Keeping students actively engaged during class has been shown over and over again to increase student learning (http://www.pnas.org/content/111/23/8410.abstract). Active learning studies have often focused on the activities students do while in the classroom but not on the methodology used to deliver content. Often PowerPoint slides play an integral role in how information is transferred between the instructor and students, but because PowerPoint slides are often pre-programmed, they seem very impersonal, inflexible and rigid.
If someone were to ask me what is the biggest difference between a traditional and flipped classroom, I would say flexibility. In the traditional class, we feel pressured to get through the material, before the session is complete and stress levels rise, on both sides of the podium, when time becomes short. In classes where instructors use PowerPoint, the right arrow key becomes the driving force for the in-class experience.
Solutions to problems, if present, are already typed into the slides. Animations, sounds, and other effects may help the slide show seem more interactive, but slideshows still tend to feel rigid.
One way to get around the seeming rigidity of PowerPoint slides, is to use a drawing tablet, to annotate the slides via the PowerPoint pointer, pen, and highlighter tools located on the lower left hand corner of the slide (after starting the slideshow).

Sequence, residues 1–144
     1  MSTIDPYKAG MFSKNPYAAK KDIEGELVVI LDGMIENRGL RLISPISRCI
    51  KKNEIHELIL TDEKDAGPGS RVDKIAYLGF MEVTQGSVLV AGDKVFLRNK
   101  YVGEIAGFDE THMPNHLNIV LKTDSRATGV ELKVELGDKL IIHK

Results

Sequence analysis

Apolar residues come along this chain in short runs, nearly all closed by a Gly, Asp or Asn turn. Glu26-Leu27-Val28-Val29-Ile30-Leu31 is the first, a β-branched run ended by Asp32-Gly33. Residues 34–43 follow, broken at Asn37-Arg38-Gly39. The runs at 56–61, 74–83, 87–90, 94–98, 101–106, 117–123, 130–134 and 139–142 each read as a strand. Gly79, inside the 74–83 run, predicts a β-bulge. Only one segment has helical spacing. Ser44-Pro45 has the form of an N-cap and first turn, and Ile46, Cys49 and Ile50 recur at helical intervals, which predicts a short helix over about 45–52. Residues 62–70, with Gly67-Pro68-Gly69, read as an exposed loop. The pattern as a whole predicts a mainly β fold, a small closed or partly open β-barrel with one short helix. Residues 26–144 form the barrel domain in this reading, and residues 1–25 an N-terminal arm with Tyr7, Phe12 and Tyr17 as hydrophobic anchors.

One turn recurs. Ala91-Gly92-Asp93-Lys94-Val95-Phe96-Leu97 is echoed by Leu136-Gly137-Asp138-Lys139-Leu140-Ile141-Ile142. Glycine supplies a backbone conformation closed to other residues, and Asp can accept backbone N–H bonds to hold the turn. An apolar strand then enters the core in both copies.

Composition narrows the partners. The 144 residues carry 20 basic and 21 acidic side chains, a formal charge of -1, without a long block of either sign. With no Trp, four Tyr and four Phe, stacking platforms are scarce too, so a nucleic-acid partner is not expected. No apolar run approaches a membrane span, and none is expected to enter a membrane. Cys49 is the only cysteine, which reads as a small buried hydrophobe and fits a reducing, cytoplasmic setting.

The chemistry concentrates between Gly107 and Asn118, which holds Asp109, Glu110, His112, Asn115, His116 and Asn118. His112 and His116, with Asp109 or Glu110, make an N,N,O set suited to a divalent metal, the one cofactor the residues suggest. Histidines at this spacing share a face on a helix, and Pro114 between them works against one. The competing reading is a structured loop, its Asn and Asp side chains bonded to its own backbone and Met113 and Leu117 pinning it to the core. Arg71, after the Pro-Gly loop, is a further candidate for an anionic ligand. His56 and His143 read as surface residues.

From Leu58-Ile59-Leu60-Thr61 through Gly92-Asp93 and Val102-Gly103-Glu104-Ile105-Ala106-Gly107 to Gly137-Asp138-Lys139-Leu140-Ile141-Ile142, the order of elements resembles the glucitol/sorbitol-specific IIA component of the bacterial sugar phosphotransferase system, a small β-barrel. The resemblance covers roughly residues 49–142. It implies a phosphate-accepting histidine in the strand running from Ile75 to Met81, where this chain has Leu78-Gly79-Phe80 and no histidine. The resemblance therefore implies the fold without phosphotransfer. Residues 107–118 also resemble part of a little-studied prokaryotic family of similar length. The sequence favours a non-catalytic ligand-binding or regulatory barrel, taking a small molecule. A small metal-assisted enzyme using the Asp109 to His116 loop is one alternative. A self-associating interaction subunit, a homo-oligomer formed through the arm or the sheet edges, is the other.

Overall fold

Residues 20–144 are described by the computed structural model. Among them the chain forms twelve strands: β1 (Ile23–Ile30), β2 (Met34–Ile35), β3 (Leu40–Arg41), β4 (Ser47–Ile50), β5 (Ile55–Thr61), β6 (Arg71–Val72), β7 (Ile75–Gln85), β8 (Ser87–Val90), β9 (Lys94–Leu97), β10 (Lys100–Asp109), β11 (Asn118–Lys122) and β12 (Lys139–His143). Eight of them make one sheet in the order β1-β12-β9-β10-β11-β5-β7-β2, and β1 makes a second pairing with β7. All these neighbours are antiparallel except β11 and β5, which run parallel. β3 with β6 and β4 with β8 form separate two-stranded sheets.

In this way, the PowerPoint slides can be treated as an extension of the classroom whiteboard. Not all of the facts need to be typed into the slides. Bulleted lists, problem solutions, concept explanations, etc. can all be added onto the slides, in yourhandwriting, while running the slideshow. After the class, the annotations can be kept (and saved) or discarded. If kept, all annotations on one slide become a single image – which can then be easily deleted later if necessary.
Not only do in-class annotions allow instructors to modify explanations, but it turns the rigid, often dry PowerPoint slides into something that is both flexible, personal, and interactive. For information on other in-class annotation tools, see a post Kevin Revell wrote on Tools for In-Class Annotation.